Turns out that Charlie beat his hasty retreat back to Arizona. Before long, he chose Alaska for his next scene of conquer. By the time he arrived there in 1897, he had secured a portable bar, restaurant and gambling equipment. With him was his “wife”, a showgirl named Mae McKamish Melbourne. Described as having “a peach-like complexion and a marvelous figure”, Mae was the perfect match for Charlie.

In 1898, Mae and her magnificent paramour narrowly escaped a flood on their way to the Klondike. “Charlie said if he had a Kadac [Kodak photograph] of me as I was running from the Sheep’s Camp flood,” Mae later said, “there would not any use of going to the Klondike, as that would be a gold mine in itself.”

The couple lost most of the equipment for their new business endeavor, but began again in Dawson. There, Mae wisely invested in mining claims, which soon amounted to $100,000. Charlie, meanwhile, earned ample money by selling provisions to miners. On April 1, 1898, he also printed the first edition of a souvenir paper called the Klondike News. Like almost everything else he put his hand to, Charlie did well with his newspaper; gold king Antone Stander even paid the entrepreneur to print a story about him in that first issue, about Stander’s engagement to Miss Violet Raymond.

By 1899, Arizona Charlie was ready to embark on yet another new career as a theater promoter. He hired a San Francisco architect to design a new theater, the Palace Grand, at Dawson, Alaska. Construction took six months, and much of the material was said to be wood from retired stern wheelers boats. Upon its opening in July, Charlie and Mae took up lodging on the top floor.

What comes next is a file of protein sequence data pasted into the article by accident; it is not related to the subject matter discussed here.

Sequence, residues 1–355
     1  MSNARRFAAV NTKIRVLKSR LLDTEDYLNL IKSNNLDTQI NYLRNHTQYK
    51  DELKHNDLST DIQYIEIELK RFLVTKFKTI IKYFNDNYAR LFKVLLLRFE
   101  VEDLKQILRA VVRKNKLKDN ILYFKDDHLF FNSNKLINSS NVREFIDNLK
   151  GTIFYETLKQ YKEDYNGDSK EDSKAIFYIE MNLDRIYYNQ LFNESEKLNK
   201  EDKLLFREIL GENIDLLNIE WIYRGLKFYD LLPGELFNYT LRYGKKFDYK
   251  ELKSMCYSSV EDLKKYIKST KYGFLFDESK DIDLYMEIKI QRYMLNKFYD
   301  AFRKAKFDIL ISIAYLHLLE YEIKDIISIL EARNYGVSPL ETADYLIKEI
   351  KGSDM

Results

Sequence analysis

The Palace could seat up to 2,200 and featured anything from plays and musicals to trick shooting displays. Charlie himself often bolted across the stage on his horse, guns blazing. In 1900, the industrious man even attempted to jump a horse 14 feet into an eight-foot-deep tank of water built into the stage. The feat nearly spelled disaster when Meadows landed under the horse as it struggled out of the tank.

It is said that Charlie and Mae lived happily for many years, despite Charlie’s occasional wandering eye. He allegedly carried on regularly with “Diamond Tooth” Gertie Lovejoy, a local performer who had a sizable diamond installed between her two front teeth and was all the rage at the Palace. He also gave actress Kate Rockwell the Star’s Suite, lavishly decorated in red and gold, as a condition of hiring her. Together, “Klondike Kate” and Meadows worked to choreograph the “Flame Dance”, wherein Kate floated about the stage trailing 200 yards of chiffon. Kate made $200 per week for her performance, but claimed she easily made another $500 entertaining her admirers following the show.

Arizona Charlie also made several friends of the male species. In the late 1890’s, Alexander Pantages offered to stand in for a prize fighter who failed to show at Charlie’s place. Pantages worked as a waiter at the time, but his offer to fight, as well as his experience as a San Francisco welterweight, secured his employment as Charlie’s stage manager.

By 1901, the Klondike boom was fading. Meadows thought of moving the Palace Grand in its entirety to Nome on a barge, but wisely decided not to. Instead, he sold the theater at a loss for $17,000 and headed back to Arizona with Mae. In Yuma, a plan to take over the an island off the coast of Mexico was thwarted by the Mexican government when Charlie revealed plans to do away with a native tribe of Seri Indians (said to be cannibals) in the process.

Charlie died in December 1932 and was buried in Yuma. He left behind at least one daughter, Marion, who passed away in 1944. In the time since there have been a few books and several articles written about him. As early as the 1950’s, the Palace was restored to its original grandeur. Plays and shows still take there during the summer months, many of them centered around the amazing adventures of the theater’s builder. In Las Vegas, Nevada, Arizona Charlie’s Hotel & Casino was named for him.